As we hibernate in our respective homes, safe and sound but separated from one another, we cannot help but wonder when we will all be together again. Even when we emerge from confinement, we shuffle back and forth, our faces hidden from view… still disconnected. With all the masked faces that are out and about and the dreary weather that’s upon us, TOGETHER is a joint presentation of vibrant patterns, honest faces and open spaces.
Featuring the insightful portraiture of Marguerite Wibaux and the intricate mark making of Dhanashree Gadiyar, each work possesses a signature strength and liveliness that inspires us to remain positive and persistent during these trying times. Exuding warmth, activity and dynamism, TOGETHER brings a seemingly distant but much-needed familiarity to our sterilized lives. TOGETHER is an endearing exhibition of expression that seeks to subtract from the contemporary stoicism that comes with the endless march of masked covered faces and our nearly constant confinement.
Born in Argentina, raised in Peru and Italy, French painter Marguerite Wibaux has spent a great deal of her life abroad meeting new people and exploring new environments. Now living in New York City, Wibaux often exists as a stranger. In essence, she is a perceptive nomad whose only possessions are her paintbrush and an open mind. While the endearing quality of her work is very much apparent, Wibaux’s approach to encountering and eventually capturing her subjects borders on social experimentation. Much like herself, those who sit for Wibaux are strangers themselves. It is existential documentation of the human condition. There is a sentient science involved in a delicate and sometimes awkward waltz between Wibaux and her subjects. This dance, so to speak, can be choreographed or happenstance but reaches its peak once the music has ceased and Wibaux has successfully immortalized her subjects in paint. It is just a matter of Wibaux putting herself in the right place at the right time and putting her subjects in the right light. Wibaux’s canonization of our community’s common core is steeped in the spirit of inquiry and unending admiration.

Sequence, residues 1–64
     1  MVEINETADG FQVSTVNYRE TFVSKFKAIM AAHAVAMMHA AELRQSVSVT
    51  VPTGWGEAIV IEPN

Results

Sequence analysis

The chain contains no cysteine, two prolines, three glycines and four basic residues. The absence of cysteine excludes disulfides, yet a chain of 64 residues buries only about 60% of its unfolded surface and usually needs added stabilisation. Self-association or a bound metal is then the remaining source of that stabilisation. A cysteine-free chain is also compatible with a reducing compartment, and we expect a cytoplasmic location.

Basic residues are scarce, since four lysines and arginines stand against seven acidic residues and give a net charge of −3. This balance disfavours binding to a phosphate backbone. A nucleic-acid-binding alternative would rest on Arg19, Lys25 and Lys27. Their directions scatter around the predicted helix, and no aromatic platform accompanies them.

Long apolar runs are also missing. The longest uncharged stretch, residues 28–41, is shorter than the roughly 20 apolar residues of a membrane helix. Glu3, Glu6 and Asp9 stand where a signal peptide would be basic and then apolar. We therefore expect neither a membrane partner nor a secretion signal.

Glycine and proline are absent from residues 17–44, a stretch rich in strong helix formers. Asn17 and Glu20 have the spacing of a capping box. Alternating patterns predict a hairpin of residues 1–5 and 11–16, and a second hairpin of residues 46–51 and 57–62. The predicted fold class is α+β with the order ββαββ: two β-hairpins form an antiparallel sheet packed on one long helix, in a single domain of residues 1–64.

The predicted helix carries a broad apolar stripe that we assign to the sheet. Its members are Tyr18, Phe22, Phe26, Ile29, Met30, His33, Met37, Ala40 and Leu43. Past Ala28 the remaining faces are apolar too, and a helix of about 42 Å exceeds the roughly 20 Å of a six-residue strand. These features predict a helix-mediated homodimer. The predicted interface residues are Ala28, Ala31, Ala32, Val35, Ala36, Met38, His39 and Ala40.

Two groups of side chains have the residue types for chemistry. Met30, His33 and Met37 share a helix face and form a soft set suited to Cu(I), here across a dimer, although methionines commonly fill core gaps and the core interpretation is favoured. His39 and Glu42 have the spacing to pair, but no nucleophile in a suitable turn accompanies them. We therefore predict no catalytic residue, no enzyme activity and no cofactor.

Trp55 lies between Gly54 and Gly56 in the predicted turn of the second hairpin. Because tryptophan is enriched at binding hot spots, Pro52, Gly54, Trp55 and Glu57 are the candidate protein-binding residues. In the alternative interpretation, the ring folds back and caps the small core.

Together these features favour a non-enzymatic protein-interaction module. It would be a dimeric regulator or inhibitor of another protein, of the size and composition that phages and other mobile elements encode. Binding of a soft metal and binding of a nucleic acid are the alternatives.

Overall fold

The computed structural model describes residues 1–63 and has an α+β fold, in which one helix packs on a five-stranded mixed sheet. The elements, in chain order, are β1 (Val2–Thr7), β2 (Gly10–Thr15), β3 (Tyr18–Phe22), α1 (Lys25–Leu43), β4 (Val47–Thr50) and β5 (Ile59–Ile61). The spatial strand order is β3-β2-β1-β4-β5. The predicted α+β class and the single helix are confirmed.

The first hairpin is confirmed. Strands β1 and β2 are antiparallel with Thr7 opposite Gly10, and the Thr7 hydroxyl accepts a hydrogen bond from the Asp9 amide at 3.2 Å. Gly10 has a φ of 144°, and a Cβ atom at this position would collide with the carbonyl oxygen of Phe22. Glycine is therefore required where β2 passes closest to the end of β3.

Embarking on a similar journey but under a different visual narrative, Dhanashree Gadiyar is a traveler in her own right. Taking inspiration from her various voyages through India while growing up, Gadiyar taps into the human condition through nostalgia and patterning–a patterning that she freely describes as “obsessive.” One becomes intoxicated when drinking in one of Gadiyar’s pieces. Each gesture gathering in a hypnotic formation and entrancing onlookers. Creating from a space of cultural reverence, Gadiyar’s ornate mark making is conceptually bolstered by an intimate palette that is not only soothing and enchanting but transportative as well. Her lushly colored landscapes take her audience to a sacred place of recollection and emotional reflection. It is this act of reflection that proves key in times like these and ultimately allows Gadiyar’s work to really sink in. Gadiyar confesses that her latest works are an exercise in which she has chosen to cope through happiness.
Wibaux and Gadiyar have joined forces to bring us all, individually, under one roof, under one overarching sentiment of connectedness. TOGETHER is a marrying of perspectives. It is an interaction of variables that sums itself up to a concerted crescendo. TOGETHER is a compassionate union of the micro and the macro–the human glue that bonds us all.
Curated by Akeem K. Duncan and powered by the good folks at Quiet Lunch, TOGETHER debuted on Thursday, February 11th at The Yard (234 5th Avenue) located in the Flatiron District. The exhibition will be on display to the public but in an effort to remain healthy and safe, viewing will be limited and by appointment. Appointments can be reserved at RSVP@quietlunch.com For press, please contact Akeem K. Duncan via email: email@example.com
Quiet Lunch is a grassroot online publication that seeks to promote various aspects of life and culture with a loving, but brute, educational tinge. When we say, “Creative Sustenance Daily,” we mean it.